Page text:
There are four reasons why we are not aware as we need to be:

1. Too Shallow: “We spend little time self-reflecting and stay stuck in negative emotions, shackled by old baggage, resulting in little understanding of ourselves.” We just don’t dig deep enough.

2. Too Narrow: “We don’t challenge our outdated assumptions, which limits the power of our expansive minds.” With limited perspectives we miss opportunities and react irrationally.

3. Too Safe: “We are afraid of change and prefer to avoid the uncertainty around us. As a result, we stay stuck, biased, and reactive.”

4. Too Small: “If your view of yourself and the world is too small, you won’t see connections, possibilities, or solutions. Staying small and never stepping up is sure to lead to regrets and will undermine your highest potential.”

The antidote to our lack of self-awareness is:

Go Deep

Harness the power of introspection by getting to know who you are, where you come from, and why you act the way you do.

Think Big

Get curious and adaptive: deal with complexity and paradox by learning how to expand your mind, leverage your relationships and networks, and overcome unconscious biases.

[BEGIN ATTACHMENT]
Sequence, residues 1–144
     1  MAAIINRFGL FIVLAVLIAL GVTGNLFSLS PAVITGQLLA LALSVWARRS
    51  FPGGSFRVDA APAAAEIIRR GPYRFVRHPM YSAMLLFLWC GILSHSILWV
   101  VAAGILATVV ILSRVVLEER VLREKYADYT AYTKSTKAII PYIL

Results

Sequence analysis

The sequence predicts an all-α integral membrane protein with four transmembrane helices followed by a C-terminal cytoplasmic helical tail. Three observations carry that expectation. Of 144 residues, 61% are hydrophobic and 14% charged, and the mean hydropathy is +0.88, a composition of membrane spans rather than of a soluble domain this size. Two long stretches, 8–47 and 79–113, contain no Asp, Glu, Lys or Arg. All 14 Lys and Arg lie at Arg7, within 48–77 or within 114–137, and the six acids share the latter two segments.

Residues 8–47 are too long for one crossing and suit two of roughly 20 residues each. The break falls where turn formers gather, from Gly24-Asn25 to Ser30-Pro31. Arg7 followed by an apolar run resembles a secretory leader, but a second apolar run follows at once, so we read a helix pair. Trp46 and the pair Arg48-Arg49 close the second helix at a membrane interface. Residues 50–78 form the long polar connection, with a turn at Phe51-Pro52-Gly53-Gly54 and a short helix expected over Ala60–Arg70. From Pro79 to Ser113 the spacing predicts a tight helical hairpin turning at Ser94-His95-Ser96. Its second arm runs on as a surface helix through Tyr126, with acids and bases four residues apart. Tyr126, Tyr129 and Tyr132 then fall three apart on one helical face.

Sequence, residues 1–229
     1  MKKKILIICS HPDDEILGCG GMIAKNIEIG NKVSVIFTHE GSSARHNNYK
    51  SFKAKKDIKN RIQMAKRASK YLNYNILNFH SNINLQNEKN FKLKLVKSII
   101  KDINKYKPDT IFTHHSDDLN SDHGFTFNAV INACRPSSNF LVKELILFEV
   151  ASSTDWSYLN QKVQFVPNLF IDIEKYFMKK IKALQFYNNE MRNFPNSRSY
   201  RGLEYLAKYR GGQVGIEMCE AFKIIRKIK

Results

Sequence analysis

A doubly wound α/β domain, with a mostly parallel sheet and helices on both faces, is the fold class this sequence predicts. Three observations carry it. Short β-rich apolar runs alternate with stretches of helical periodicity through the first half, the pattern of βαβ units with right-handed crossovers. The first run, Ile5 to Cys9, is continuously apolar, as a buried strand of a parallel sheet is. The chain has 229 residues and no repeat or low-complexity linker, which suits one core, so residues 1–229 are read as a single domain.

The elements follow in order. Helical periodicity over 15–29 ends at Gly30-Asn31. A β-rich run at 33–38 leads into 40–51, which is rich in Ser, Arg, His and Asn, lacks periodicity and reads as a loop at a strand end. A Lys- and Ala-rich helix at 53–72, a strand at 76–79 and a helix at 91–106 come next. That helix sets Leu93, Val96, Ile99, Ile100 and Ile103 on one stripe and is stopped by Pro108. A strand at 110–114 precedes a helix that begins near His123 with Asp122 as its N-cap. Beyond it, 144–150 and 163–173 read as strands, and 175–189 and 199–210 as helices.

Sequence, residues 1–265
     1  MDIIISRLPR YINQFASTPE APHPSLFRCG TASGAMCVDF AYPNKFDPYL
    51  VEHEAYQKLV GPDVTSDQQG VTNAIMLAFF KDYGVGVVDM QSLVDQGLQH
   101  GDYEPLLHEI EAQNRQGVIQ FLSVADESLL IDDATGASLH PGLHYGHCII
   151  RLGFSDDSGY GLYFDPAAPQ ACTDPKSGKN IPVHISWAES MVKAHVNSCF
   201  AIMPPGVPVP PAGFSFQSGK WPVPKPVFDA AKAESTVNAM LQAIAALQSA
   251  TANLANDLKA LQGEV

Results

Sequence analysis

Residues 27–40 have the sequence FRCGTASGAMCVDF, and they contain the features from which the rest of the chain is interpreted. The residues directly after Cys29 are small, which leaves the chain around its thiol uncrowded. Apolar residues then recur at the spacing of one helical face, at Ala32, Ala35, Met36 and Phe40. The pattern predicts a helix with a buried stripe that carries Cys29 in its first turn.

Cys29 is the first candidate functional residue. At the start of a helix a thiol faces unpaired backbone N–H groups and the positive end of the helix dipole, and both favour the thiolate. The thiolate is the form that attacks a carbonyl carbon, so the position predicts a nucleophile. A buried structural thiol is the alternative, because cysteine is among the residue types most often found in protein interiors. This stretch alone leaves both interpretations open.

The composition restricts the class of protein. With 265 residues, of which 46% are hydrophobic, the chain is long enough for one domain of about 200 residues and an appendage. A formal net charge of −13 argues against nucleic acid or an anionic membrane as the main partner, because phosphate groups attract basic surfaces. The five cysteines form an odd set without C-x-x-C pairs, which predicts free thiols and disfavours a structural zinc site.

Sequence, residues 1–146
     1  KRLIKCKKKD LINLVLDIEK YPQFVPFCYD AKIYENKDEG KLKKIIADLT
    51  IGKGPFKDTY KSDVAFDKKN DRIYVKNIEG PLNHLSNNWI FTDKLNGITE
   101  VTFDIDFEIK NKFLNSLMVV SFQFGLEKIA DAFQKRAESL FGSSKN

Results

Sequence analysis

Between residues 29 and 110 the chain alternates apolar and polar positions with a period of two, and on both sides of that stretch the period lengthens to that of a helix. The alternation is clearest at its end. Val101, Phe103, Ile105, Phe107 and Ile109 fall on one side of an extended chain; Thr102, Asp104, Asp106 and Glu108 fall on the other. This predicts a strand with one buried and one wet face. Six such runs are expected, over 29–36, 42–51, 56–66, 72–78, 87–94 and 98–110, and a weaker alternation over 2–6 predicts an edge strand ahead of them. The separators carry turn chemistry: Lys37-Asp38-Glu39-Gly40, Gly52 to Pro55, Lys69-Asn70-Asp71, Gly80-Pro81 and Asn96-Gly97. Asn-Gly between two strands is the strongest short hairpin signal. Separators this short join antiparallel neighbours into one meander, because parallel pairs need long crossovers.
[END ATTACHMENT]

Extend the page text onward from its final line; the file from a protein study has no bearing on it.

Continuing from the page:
Get Real

Become more honest and intentional in leadership and life, overcoming the pitfalls of being too safe and cautious while embracing reality.

Step Up

Act boldly and responsibly to reach your highest potential: how to champion your higher purpose, stretch people in constructive ways, and be generous in your relationships.

Conscious Chart

To address the realities of our time, we need people who will Go Deep, Think Big, Get Real, and Step Up. To lead change you need a conscious mindset. “Regardless of the context or the reason for change, leaders at all levels must lead people into the unknown and into the future.”

If we are going to create change, we have to begin with ourselves. That requires that we become more conscious of what pushes us forward—our Accelerators—and what holds us back—our Hijackers. Accelerators like courage, drive or determination, deliberate practice, resilience, and vulnerability, drive us forward. Hijackers like self-criticism, cynicism, controlling behavior, aloofness or disengagement, and hyper-competitiveness, hold us back. It is important to know how these things impact your performance and constructively use them or deal with them.